On October 1, 2004, the Michigan Immigration Clerical Assistant Act (MICAA) went into effect. Initially, MICAA required non-attorneys who provide immigration services or advice to register with the Michigan Department of Labor and Economic Growth and, later, the Department of Licensing and Regulatory Affairs. In June 2014, MICAA was revised, eliminating the State’s obligation to maintain a list of registered practitioners, while authorizing triple damages for lawsuits against practitioners previously required to register with the state..
Certain individuals are exempt from MICAA, including (1) individuals serving as designated school officials and responsible officers for foreign student and exchange visitor programs, and (2) those individuals preparing immigration documents on behalf of their employers. At U-M, only designated non-legal professionals have the authority to provide immigration services and advice, as described here.
Foreign Student and Exchange Visitor Programs
The following officials have the authority to provide immigration services and advice in support of U-M’s sponsored foreign exchange and visitors programs. For the F-visa program (foreign students), those officials are the Primary Designated School Official (PDSO) or the Designated School Official (DSO). For the J-visa program (exchange visitors) those officials are the Responsible Officer (RO) or the Alternate Responsible Officers (ARO). These officials are exempt from the MICAA provisions but only when they are acting within the scope of their authority as defined by the U.S. Immigration and Customs Enforcement (specifically the Student and Exchange Visitor Program) or the Department of State. The following offices on each campus have primary authority to sign immigration documents related to F-visas and J-visas and to advise on F and J visa issues.
- Ann Arbor Campus — International Center (734) 764-9310
- Dearborn Campus — Office of International Affairs (313) 593-5100
- Flint Campus — International Center (810) 762-0869
In addition to MICAA, federal law prohibits individuals from signing immigration paperwork for international students and scholars, unless authorized by U-M and the federal government to do so. This means that it is illegal for non-designated employees to sign the SEVIS Form I-20 (F-visa holders) or the SEVIS Form DS-2019 (J-visa holders) on behalf of U-M. Only the PDSO, DSO, RO and ARO for each campus are permitted to authorize travel outside of the United States, authorize immigration transfers to or from other institutions, allow students to drop below a full-time course load, or authorize employment for foreign students and exchange visitors.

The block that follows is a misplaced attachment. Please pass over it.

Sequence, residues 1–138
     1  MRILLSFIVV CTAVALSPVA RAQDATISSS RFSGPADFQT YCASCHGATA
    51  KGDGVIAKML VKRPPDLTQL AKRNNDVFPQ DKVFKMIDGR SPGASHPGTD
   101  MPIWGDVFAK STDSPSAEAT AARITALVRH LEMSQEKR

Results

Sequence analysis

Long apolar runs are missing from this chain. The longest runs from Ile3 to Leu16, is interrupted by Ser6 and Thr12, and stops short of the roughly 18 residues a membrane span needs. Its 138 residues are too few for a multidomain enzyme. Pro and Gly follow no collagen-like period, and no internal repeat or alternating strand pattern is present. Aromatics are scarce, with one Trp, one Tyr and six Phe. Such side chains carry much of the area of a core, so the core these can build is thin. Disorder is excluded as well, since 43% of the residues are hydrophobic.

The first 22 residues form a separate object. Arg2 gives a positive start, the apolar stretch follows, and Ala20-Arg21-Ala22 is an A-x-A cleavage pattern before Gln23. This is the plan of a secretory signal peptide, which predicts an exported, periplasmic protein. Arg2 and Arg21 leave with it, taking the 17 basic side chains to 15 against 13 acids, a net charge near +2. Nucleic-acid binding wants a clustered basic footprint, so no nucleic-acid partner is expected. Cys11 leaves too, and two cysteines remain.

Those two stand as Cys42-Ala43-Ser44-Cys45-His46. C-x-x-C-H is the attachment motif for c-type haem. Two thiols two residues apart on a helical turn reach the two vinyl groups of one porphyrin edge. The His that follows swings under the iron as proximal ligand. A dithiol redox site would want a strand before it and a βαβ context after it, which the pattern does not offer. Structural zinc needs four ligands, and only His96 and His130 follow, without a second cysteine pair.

Employment of Foreign Nationals
Non-attorneys who prepare immigration paperwork on behalf of their employer are also exempt from MICAA. At U-M, only those individuals employed in the Faculty and Staff Immigration Services Office of the Ann Arbor International Center and retained immigration counsel supervised by the Office of the Vice President and General Counsel are authorized to prepare immigration paperwork on behalf of U-M. The Ann Arbor Campus International Center provides employment-based immigration services on behalf of all U-M campuses.
Consequences of Non-compliance
Unauthorized signatures and unqualified immigration advice can result in serious negative consequences. For example, a foreign national may be denied entry to the United States or denied other benefits (e.g., transfer to another institution, taking a reduced course load, etc.), U-M’s authorization to enroll F-1 students or sponsor an exchange visitor program could be revoked, and unauthorized signers or advisors could face serious legal difficulties for failing to comply with federal regulations and state law.
The International Offices on the three campuses are charged with the responsibility of representing the U-M on immigration matters, in consultation with the Office of the Vice President and General Counsel. We encourage you to consult with the International Office on your campus regarding policy development and implementation that will affect our foreign national community members.